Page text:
Only 18% of people questioned trusted “personal blogs”, while 39% trusted radio or magazines and 46% print newspapers.
I get this sort of stat thrown at me every time I speak to rooms full of journalists. It’s a meaningless stat, reflecting nothing. You trust what you’ve learned to trust, whether that’s one paper over another, one broadcaster over another, or one blog over another. I don’t trust “newspapers” – I trust one or two. I don’t trust “blogs”, I trust the ones I’ve communicated with.
And that’s where individual blogs have an advantage: they can have a personal conversation with the reader. The author can enter into discussion, add corrections and links. Their trust is built on a relationship, not on a brand.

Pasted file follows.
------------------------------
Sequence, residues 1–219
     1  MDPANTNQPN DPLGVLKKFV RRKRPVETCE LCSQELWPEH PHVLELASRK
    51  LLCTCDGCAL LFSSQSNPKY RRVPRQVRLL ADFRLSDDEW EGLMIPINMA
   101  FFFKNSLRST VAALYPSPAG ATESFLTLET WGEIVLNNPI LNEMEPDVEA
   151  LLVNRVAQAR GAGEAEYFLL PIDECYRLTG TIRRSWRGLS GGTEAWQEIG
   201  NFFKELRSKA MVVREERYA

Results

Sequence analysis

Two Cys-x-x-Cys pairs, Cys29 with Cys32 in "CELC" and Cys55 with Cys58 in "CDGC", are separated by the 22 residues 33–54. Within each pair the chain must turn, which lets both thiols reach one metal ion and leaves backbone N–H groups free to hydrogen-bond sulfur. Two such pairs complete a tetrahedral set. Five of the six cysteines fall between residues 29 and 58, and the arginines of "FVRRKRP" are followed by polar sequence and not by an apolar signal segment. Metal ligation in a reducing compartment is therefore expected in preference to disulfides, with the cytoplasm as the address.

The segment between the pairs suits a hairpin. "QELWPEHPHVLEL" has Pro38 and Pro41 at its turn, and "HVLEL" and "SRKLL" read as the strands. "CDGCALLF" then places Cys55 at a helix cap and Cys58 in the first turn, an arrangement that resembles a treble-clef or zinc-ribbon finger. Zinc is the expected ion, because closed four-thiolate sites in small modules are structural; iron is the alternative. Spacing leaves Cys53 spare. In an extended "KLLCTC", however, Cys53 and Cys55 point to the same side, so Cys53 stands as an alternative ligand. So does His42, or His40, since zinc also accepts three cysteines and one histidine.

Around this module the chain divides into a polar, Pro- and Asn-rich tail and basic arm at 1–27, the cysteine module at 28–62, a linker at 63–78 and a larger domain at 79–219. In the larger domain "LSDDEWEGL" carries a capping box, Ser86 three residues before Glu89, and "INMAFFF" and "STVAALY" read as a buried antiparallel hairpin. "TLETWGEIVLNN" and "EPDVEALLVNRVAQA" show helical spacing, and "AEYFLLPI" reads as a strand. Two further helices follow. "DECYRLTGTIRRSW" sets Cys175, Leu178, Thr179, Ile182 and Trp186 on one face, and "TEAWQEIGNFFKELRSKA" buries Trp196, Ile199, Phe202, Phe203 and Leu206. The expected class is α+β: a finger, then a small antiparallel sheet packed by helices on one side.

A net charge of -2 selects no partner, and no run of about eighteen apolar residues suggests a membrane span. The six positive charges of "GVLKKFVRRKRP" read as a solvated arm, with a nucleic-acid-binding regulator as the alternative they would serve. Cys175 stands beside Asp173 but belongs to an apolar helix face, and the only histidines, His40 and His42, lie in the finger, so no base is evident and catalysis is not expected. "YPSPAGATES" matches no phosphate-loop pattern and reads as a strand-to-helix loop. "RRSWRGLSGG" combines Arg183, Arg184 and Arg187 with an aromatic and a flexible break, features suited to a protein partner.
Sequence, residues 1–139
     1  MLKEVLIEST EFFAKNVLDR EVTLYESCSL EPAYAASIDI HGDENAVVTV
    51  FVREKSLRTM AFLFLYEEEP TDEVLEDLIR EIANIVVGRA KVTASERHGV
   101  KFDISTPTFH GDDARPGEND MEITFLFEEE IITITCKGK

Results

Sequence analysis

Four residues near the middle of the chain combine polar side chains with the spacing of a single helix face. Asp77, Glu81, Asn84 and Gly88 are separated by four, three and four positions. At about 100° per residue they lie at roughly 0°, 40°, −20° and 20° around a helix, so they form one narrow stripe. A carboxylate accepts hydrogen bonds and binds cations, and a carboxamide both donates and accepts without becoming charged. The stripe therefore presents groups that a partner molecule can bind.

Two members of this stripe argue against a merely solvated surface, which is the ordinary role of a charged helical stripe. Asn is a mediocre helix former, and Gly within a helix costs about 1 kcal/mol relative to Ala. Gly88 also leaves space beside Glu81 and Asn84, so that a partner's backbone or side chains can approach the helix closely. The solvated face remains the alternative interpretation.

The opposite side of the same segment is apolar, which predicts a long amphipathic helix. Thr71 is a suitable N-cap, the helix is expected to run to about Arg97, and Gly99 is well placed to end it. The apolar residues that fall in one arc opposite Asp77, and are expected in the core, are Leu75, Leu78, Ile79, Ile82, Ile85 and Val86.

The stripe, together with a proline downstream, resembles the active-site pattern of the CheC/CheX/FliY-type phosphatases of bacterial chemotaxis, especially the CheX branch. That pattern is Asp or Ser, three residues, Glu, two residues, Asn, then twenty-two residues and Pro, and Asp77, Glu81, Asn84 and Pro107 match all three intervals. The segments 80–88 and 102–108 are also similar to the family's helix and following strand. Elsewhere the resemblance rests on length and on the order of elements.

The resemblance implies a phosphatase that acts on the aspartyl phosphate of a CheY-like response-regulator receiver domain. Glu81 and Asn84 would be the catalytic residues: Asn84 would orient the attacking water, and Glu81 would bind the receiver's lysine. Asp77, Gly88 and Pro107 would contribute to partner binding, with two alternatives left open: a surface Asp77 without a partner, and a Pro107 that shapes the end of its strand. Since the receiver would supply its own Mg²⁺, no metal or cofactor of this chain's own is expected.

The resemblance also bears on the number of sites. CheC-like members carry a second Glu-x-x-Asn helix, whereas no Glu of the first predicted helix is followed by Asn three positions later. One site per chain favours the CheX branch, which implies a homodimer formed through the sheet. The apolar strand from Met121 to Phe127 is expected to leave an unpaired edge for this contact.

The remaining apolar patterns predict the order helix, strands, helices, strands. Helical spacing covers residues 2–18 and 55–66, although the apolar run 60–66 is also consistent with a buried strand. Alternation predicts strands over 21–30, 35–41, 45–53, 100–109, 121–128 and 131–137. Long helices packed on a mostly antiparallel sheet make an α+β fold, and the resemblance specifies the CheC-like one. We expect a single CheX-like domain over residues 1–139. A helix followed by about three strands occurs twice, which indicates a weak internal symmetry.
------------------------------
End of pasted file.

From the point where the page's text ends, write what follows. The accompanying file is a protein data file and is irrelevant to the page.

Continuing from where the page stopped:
More interesting in this research are the 3 sources which come out as more trusted than mainstream media: Emails from people we know (how many of us feel we ‘know’ a particular blogger?); consumer reviews (a staple of blogs); and, curiously, portals/search engines (links). And why do people trust these more than ‘radio’ or ‘newspapers’?